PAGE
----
Higher Dairy Intake May Up Risk for Prostate Cancer

Men who consume a lot of dairy foods, and not enough dairy calcium, face an augmented risk for prostate cancer, according to a new study published in the American Journal of Clinical Nutrition.

In this study, Michael J. Orlich, MD, PhD, and colleagues assessed the link between dairy (dietary calcium) and prostate cancer. The study consisted of data on 28,737 Seventh-day Adventist men (6,389 Black) who were followed for an average of almost 8 years. Overall, 275 patients provided repeated 24-hour dietary recalls.

According to the results, patients in the 90th percentile of dairy intake (430 g/day) had a higher prostate cancer risk compared to those at the 10th percentile (20.2 g/day). The researchers observed similar findings for advanced prostate cancers, nonadvanced cases, and in Black patients. The association was stronger when comparing 90th percentile intake to zero intake, the researchers noted.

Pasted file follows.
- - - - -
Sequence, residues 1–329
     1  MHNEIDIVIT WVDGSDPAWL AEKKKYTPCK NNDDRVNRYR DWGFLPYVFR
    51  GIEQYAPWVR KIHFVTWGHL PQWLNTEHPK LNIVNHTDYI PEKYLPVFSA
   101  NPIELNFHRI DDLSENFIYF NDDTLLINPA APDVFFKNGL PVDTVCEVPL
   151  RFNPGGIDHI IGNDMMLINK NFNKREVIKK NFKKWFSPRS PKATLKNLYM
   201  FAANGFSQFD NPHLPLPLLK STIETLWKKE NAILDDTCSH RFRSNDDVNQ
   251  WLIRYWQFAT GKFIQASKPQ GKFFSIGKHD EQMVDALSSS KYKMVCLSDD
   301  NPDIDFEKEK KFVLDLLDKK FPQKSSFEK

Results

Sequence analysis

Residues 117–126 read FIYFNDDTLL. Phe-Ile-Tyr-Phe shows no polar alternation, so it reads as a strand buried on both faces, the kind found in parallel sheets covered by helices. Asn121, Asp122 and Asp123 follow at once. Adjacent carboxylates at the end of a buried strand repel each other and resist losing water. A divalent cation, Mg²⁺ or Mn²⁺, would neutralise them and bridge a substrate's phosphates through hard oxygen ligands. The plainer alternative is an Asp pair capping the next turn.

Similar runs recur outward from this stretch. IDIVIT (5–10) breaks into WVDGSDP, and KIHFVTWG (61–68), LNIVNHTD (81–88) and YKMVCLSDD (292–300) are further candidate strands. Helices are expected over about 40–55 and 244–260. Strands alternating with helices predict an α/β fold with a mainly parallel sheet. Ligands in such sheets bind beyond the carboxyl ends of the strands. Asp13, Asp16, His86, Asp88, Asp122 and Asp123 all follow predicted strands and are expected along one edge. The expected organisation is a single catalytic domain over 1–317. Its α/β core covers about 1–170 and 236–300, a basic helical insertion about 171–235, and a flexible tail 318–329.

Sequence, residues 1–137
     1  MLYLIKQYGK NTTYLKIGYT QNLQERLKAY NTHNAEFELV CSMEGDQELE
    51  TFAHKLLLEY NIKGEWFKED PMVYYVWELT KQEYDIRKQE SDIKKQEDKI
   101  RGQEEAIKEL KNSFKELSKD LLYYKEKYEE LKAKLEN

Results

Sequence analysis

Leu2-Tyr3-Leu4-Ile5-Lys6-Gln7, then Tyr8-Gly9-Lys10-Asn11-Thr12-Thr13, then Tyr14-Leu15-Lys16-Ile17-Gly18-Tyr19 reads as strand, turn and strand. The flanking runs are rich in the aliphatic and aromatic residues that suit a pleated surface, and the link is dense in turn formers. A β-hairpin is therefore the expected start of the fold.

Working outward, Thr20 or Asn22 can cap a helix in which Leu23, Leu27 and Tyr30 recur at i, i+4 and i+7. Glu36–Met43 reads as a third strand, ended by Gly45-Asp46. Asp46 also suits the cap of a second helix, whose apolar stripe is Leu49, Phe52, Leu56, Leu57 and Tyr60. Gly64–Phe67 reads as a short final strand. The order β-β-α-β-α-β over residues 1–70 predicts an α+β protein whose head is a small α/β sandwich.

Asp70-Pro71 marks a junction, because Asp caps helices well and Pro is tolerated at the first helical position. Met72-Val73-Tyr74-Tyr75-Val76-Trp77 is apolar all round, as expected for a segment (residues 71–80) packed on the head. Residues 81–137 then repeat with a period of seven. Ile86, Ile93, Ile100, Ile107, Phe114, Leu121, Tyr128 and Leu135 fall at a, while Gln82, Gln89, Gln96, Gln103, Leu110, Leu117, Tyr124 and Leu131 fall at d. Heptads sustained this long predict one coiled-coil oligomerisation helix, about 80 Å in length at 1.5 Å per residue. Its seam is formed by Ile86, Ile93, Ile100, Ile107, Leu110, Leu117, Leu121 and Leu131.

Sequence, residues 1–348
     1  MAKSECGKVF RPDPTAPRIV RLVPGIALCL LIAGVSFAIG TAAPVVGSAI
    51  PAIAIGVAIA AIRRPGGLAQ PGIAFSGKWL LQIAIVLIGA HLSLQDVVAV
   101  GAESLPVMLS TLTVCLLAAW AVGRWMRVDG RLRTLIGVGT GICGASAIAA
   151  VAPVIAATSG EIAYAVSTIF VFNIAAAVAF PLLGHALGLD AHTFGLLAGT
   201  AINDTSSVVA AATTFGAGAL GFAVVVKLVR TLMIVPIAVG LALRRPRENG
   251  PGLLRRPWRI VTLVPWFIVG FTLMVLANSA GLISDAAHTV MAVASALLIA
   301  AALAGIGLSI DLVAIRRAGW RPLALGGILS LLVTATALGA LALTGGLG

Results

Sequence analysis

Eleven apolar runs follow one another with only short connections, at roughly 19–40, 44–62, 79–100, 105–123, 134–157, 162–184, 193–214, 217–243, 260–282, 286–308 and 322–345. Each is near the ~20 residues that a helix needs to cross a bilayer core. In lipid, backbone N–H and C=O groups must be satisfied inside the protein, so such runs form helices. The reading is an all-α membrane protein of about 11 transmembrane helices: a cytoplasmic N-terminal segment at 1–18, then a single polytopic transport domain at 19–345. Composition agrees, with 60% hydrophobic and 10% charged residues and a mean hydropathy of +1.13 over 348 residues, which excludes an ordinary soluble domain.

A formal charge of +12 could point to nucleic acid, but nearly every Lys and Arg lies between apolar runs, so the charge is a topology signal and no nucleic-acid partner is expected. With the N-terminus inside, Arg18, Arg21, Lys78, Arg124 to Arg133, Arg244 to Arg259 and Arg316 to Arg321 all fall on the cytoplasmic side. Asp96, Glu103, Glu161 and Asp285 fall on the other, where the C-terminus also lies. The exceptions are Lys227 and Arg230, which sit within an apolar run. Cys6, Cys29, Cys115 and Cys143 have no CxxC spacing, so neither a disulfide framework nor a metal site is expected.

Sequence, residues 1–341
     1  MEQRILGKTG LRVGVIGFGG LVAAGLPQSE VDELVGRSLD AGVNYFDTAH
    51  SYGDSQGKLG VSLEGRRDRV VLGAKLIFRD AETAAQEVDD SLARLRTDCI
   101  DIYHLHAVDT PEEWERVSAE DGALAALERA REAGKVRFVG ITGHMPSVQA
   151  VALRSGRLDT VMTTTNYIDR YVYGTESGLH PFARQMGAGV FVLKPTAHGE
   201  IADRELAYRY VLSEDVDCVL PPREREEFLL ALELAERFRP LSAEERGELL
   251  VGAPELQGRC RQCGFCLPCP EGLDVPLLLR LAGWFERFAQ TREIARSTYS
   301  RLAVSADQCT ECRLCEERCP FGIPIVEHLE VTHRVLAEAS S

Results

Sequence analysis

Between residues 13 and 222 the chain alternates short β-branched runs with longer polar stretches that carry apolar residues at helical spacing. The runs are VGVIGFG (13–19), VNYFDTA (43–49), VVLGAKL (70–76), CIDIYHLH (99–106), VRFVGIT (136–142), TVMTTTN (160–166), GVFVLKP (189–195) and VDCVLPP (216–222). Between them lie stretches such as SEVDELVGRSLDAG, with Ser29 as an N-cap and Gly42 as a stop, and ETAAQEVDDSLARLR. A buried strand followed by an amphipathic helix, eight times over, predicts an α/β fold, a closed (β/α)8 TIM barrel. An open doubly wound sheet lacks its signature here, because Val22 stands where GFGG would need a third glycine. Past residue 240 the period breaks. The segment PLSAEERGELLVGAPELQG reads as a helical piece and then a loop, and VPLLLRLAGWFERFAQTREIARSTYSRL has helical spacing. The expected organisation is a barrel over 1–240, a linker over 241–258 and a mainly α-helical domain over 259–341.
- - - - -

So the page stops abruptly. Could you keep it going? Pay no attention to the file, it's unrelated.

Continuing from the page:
“In summary, these data from a population with a wide range of dairy and calcium exposure do not clearly support a connection between calcium intake and prostate cancer,” the investigators concluded.